Diabetes Chat

Fructose alert

Go down

Fructose alert

Post  Nick on Wed Nov 24, 2010 5:47 pm

Excess Fructose May Play Role in Diabetes, Obesity and Other Health Conditions
enlarge

Fresh honey. Dietary fructose is present primarily in added dietary sugars, honey, and fruit.

ScienceDaily (Nov. 23, 2010) More and more people have become aware of the dangers of excessive fructose in diet. A new review on fructose in an upcoming issue of the Journal of the American Society of Nephrology (JASN) indicates just how dangerous this simple sugar may be.

Richard J. Johnson, MD and Takahiko Nakagawa, MD (Division of Renal Diseases and Hypertension, University of Colorado) provide a concise overview of recent clinical and experimental studies to understand how excessive amounts of fructose, present in added sugars, may play a role in high blood pressure, diabetes, obesity, and chronic kidney disease (CKD).

Dietary fructose is present primarily in added dietary sugars, honey, and fruit. Americans most frequently ingest fructose from sucrose, a disaccharide containing 50% fructose and 50% glucose bonded together, and high fructose corn syrup (HFCS), a mixture of free fructose and free glucose, usually in a 55/45 proportion. With the introduction of HFCS in the 1970s, an increased intake of fructose has occurred and obesity rates have risen simultaneously.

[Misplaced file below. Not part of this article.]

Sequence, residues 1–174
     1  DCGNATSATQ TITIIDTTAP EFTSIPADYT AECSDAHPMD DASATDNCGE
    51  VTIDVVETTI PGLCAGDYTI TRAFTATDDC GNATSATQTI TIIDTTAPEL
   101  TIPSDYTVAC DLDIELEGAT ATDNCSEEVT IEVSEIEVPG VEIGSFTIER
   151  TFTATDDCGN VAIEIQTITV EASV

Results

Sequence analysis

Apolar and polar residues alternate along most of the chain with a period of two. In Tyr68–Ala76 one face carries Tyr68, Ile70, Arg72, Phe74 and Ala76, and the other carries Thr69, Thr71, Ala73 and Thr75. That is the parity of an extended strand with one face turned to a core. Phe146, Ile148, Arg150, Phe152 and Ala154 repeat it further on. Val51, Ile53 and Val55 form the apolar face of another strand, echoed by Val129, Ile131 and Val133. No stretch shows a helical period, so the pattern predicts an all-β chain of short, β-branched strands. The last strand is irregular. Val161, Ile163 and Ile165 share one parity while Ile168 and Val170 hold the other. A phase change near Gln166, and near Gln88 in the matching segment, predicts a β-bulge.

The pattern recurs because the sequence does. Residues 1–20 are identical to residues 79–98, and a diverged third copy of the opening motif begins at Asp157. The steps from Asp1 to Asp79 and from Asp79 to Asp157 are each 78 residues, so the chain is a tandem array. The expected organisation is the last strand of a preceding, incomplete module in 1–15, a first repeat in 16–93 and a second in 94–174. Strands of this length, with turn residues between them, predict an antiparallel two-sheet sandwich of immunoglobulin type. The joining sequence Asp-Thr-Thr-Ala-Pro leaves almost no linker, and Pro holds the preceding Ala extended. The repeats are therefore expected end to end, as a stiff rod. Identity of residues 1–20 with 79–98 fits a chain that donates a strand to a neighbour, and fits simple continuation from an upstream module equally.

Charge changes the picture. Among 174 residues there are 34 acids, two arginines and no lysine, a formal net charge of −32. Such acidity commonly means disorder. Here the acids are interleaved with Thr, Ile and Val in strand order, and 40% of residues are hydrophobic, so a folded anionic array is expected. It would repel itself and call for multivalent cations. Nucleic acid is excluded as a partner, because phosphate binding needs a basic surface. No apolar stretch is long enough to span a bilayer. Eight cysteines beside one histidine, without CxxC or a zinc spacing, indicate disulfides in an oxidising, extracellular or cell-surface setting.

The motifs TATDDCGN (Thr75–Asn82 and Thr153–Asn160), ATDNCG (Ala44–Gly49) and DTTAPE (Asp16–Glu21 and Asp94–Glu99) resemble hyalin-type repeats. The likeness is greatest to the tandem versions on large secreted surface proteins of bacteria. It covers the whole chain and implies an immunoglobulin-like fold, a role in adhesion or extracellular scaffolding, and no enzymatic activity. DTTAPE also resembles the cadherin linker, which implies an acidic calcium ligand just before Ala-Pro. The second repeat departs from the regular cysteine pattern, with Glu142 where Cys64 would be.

The link between excessive intake of fructose and metabolic syndrome is becoming increasingly established. However, in this review of the literature, the authors conclude that there is also increasing evidence that fructose may play a role in hypertension and renal disease. "Science shows us there is a potentially negative impact of excessive amounts of sugar and high fructose corn syrup on cardiovascular and kidney health," explains Dr. Johnson. He continues that "excessive fructose intake could be viewed as an increasingly risky food and beverage additive."

Concerned that physicians may be overlooking this health problem when advising CKD patients to follow a low protein diet, Dr. Johnson and Dr. Nakagawa recommend that low protein diets include an attempt to restrict added sugars containing fructose.

Dr. Johnson and Dr. Nakagawa are listed as inventors on several patent applications related to lowering uric acid for the treatment or prevention of hypertension, diabetes, and fatty liver.


_________________
'Those without humour are at the mercy of the rest of us'
avatar
Nick
Admin

Posts : 813
Join date : 2008-10-22
Location : Devon

View user profile http://www.southhamspodiatry.co.uk

Back to top Go down

Back to top


 
Permissions in this forum:
You cannot reply to topics in this forum